Prescribers should have a high index of suspicion with a low threshold for cardiologist referral, especially in young patients without cardiac disease risk factors.5,10  In patients where myocarditis is suspected, further doses of clozapine should be withheld and the patient referred urgently to a cardiologist for investigations; additionally, it may be useful for the GP to arrange an immediate ECG and troponin test, as this will inform the urgency of the cardiologist appointment and possibly also indicate if hospital admission is warranted.

If diagnosis of myocarditis is confirmed, clozapine treatment should be stopped and future exposure avoided.6  Reporting such events to the Centre for Adverse Reactions Monitoring in Dunedin will ensure that a warning or danger alert is entered into the national Medical Warning System for that patient, so that the risk of re-exposure to clozapine can be avoided when the patient accesses health care in the future.  If myocarditis is ruled out, consider other possible diagnoses such as cardiomyopathy.1

Competing interests (authors): none declared.

  1. Haas SJ, Hill R, Krum H, et al. Clozapine-associated myocarditis: A review of 116 cases of suspected myocarditis associated with the use of clozapine in Australia during 1993-2003. Drug Safety 2007;30(1):47-57.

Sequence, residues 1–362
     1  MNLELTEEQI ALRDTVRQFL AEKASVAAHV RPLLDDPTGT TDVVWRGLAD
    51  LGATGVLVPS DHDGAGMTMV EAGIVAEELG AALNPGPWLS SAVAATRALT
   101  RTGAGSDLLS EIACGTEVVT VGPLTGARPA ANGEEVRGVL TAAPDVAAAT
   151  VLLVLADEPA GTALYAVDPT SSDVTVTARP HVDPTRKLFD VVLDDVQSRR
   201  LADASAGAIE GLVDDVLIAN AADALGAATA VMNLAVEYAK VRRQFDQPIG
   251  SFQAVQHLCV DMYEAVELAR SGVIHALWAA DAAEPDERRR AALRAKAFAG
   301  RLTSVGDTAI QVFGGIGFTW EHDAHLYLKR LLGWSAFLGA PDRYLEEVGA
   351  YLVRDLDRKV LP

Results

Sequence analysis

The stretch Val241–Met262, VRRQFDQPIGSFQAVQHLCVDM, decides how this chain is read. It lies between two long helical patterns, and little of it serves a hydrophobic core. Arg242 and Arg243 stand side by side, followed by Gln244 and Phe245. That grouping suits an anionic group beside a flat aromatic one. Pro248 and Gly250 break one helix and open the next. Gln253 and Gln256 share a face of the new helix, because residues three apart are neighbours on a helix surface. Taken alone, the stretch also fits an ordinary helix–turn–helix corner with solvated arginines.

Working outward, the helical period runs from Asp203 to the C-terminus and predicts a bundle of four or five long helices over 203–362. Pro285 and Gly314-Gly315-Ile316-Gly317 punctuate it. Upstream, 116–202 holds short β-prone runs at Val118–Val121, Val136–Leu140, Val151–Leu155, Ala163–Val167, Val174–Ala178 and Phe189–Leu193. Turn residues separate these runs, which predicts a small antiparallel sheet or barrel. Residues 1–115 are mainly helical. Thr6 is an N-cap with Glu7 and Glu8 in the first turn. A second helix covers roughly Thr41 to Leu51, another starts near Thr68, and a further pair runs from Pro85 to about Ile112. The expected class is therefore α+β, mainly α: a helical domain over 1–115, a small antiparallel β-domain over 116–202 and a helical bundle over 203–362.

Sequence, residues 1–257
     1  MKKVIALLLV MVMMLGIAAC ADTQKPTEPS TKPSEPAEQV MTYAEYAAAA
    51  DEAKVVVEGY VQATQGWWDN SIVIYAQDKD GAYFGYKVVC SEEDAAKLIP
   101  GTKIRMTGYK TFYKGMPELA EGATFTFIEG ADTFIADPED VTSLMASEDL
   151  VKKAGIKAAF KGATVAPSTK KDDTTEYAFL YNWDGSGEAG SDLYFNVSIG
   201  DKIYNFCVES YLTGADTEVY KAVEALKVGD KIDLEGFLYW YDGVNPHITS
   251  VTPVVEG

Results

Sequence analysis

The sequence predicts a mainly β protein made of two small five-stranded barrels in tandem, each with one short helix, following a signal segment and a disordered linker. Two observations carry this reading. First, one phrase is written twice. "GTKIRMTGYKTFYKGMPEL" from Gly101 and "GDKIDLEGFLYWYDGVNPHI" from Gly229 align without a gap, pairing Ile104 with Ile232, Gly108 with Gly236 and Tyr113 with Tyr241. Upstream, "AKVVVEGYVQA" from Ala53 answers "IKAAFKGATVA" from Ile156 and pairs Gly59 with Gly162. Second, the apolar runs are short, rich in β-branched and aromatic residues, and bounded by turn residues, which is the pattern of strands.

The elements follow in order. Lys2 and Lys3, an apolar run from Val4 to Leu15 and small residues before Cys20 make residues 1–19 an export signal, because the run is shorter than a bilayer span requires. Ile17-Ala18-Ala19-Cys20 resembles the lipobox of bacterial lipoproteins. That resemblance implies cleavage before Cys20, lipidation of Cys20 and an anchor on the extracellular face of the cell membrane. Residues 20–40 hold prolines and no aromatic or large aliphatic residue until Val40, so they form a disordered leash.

2. Adverse Drug Reactions Advisory Committee (ADRAC). Serotonin syndrome. Australian Adverse Drug Reactions Bulletin 2007;26(3).
  3. Merrill DB, Dec GW, Goff DC. Adverse cardiac effects associated with clozapine. Journal of Clinical Psychopharmacology 2005;25(1):32-41.
  4. Kilian JG, Kerr K, Lawrence C, Celermajer DS. Myocarditis and cardiomyopathy associated with clozapine. Lancet 1999;354:1841-1845.
  5. Tanner M A, Culling W. Clozapine associated dilated cardiomyopathy. Postgrad Med J 2003;79:412-413.
  6. Personal communication, July 2007 and February 2008. Cardiologist, Wellington.
  7. Novartis New Zealand Limited. Clozaril (clozapine) data sheet 2 October 2007.
  8. Douglas Pharmaceuticals Ltd. Clopine (clozapine) data sheet September 2007.
  9. Novartis Pharmaceuticals Australia Pty Ltd. Clozaril and Myocarditis: Clinical Guidelines. 16 December 1999.
  10. Magnani JW, Dec GW. Myocarditis: Current trends in diagnosis and treatment. Circulation 2006;113:876-890.